Hemanta - The Early Years

by Sudhiranjan Mukhopadyay

Hemanta's picture


When Hemanta first appeared on the Bengali music scene, it was not only difficult, but almost impossible for a new artiste to make a name for himself. Pankaj Kumar Mullick had already brought Rabindrasangeet from the closets of the musically educated right into the common Bengali household through his rich voice. A streak of Rabindrasangeet singers influenced the intellect of Bengalis for quite a few years. Sahana Devi's records played in every house and Sati Devi, Kanak Das, Malati Ghoshal, Shantideb Ghosh and a host of other new and established singers kept the flow of Rabindrasangeet undeterred. Basic songs were also quite enriched around that time. Ajay Bhattacharyya, Sailen Roy, Pranab Roy, and Banikumar were some lyricists of those times who penned rich and poetic lyrics. And their songs were sung by stalwarts such as K.L. Saigal, Pankaj Mullick, Pahari Sanyal, Shaila Devi, etc. Nazrulgeeti singers also had carved out a separate niche for themselves.

When the firmament of Bengali music was lighted by these bright stars, at that time - towards the end of 1937 - Hemanta cut his first disc from the Columbia Record Company. 'Janite jadi go tumi' on one side and 'Balo go balo more' on the flip side. Hemanta was barely sixteen at that time, having passed the matriculation examination and enrolled in the Engineering college of Jadavpur Polytechnic - a four year diploma course. Hemanta's first recording was quite good. A sweet resounding voice and clear pronunciation. But some people amusingly quipped, "Pankaj Mullick's parody".

Hemanta's road to the recording studio was not laden with flowers. Even before this record got released from Columbia, Hemanta had taken the initiative to approach the Senola and Megaphone recording companies. But he was refused a recording session by both of these companies. Megaphone's selectors even refused to listen to his voice. Hemanta was extremely discouraged at this outset of events and refrained from approaching any recording company on his own.

In the meantime, Hemanta's voice had begun to become liked among relatives and acquaintances. In friend circles or when visitors came to their home, Hemanta would be requested to perform a song or two. It was on such an occasion that Hemanta's father's colleague took him to Columbia record company's music supervisor Sailesh Duttagupta. Sailesh Duttagupta took a liking for Hemanta at first sight. He heard his voice immediately, recommended him to the selectors and within fifteen days Hemanta's first disc was released. His next disc was released in another few months - 'Tomaare chaahiyaa priya' and 'Tumi je sudur chand kuasha chhaoa'.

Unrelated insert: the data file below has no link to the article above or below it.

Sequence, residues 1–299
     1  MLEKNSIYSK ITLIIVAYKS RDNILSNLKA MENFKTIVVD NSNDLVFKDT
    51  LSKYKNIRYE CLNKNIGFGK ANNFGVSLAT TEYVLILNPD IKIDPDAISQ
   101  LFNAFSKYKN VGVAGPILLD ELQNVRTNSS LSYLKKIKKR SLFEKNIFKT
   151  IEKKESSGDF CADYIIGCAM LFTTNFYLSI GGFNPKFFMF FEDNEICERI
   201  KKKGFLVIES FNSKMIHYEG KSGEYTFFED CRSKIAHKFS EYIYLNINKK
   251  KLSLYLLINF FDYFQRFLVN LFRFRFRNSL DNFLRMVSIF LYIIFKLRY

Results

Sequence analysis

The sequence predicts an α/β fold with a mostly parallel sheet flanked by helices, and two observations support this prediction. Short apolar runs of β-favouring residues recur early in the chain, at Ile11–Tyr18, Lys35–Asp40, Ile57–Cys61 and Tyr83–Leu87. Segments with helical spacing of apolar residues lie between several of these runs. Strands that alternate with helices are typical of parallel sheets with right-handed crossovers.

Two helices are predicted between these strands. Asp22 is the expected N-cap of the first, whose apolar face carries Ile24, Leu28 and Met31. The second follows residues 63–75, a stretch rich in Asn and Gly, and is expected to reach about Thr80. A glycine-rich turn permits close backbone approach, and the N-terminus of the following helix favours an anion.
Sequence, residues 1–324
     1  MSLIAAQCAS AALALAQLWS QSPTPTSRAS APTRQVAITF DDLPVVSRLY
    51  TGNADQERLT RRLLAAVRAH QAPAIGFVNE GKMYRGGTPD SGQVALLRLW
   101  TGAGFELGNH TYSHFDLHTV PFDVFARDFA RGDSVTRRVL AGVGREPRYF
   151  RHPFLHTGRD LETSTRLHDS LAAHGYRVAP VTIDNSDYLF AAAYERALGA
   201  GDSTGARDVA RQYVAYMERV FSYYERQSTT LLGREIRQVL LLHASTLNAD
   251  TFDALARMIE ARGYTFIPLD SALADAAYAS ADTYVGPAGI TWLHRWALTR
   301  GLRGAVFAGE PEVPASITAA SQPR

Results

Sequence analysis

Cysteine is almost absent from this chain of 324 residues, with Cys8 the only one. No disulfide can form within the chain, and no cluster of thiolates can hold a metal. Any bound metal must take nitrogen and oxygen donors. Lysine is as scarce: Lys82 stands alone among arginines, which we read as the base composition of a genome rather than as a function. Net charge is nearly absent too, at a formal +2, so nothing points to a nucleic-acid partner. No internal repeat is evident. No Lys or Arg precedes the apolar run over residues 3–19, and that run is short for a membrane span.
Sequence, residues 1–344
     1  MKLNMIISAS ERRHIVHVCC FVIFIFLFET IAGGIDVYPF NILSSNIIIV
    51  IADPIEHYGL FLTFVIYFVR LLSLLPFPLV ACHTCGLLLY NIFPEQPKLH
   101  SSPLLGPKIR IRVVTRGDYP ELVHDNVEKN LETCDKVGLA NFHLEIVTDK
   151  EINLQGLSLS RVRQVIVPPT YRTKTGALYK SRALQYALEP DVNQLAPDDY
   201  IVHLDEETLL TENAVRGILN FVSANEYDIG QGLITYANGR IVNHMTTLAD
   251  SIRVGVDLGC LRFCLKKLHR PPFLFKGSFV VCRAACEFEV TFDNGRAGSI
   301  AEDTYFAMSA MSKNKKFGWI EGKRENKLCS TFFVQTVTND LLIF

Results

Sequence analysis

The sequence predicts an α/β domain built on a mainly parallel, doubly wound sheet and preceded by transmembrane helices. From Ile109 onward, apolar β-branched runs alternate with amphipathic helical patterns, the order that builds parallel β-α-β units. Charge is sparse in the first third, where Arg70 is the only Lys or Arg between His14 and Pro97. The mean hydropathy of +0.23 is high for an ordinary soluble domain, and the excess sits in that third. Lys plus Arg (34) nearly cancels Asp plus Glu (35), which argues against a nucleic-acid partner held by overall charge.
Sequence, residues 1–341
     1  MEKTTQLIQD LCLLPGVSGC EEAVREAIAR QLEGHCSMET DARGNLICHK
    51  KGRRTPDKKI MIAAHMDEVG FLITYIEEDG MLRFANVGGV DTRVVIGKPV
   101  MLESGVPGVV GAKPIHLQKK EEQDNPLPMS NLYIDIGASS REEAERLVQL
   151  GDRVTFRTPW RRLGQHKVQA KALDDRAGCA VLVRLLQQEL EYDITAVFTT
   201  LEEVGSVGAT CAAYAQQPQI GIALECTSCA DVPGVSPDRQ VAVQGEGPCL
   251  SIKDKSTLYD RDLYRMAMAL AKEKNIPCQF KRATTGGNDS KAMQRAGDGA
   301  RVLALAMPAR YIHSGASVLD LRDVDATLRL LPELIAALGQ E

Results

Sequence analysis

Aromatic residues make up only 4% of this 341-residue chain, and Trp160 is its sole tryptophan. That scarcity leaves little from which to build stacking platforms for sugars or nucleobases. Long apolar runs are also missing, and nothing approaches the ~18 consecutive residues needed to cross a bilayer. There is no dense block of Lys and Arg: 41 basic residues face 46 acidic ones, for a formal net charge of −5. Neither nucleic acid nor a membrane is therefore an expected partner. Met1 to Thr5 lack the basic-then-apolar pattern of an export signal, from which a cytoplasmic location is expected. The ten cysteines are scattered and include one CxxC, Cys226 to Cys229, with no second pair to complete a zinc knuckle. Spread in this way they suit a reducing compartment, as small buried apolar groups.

Although Hemanta was making ground as a singer, he had never intended to become one in the first place. He cherished to become a writer. Hemanta used to attend writer's communions at the local library and was also the editor of the communion. A story written by him even got published in the prestigious 'Desh' magazine in 1937. But Hemanta's friends did not want the Hemanta the writer, they were more fond of Hemanta the singer. With a mild annoyance Hemanta gradually distanced himself from the literary world. Nevertheless he maintained deep ties with literary personalities throughout his life.

Columbia's trainer Sailesh Duttagupta first initiated Hemanta to Rabindrasangeet. In the beginning Saileshbabu used to stay near Hemanta's house in Bhabanipur, but later he shifted to Ballygunge. One day he scolded Hemanta, "What's up with you? Earlier you used to be on time, but since I have moved you seem to be consistently late." Hemanta hesitated a bit and replied in a mild voice, "Earlier you used to stay near my place. I have to walk all the way now, so sometimes I get late." Saileshbabu was taken aback, "You walk all the way? Why on earth?" Hemanta stood silently with a melancholic face, but Saileshbabu understood. He affectionately told Hemanta, "I will give you an anna daily to cover your travel expenses."

Sailesh Duttagupta was Hemanta's only music tutor. He went to an ustad to train in classical music for a few days but could not concentrate. (Hemanta Mukherjee mentions in his autobiography that he had started to learn Hindustani classical music under the tutelage of Ustad Faiyaz Khan, but his learning was cut short by the Ustad's untimely death.) Hemanta's lack of classical training proved to be a blessing in disguise. His god gifted voice was as fluent as the undeterred winds. Grammatical rules of classical music might have restricted the flowering of his sweet voice. The fluency with which Hemanta sings 'Amar bhanga pather ranga dhulaaye' or 'Dekonaa amare Dekonaa' might not have been observed in classical oriented songs such as 'Tabu mone rekho' or 'Era par ke apan kore'. Hemanta did not possess a harmonium for quite a few days after submerging himself in the ocean of music. He had to go to other people's homes to practice. After a couple of records Hemanta had enough to purchase his first harmonium. After his third record Hemanta decided to quit studies and direct all his efforts to music. His father was not happy with this, but Hemanta's mother supported her son's wish. She knew what was best for him.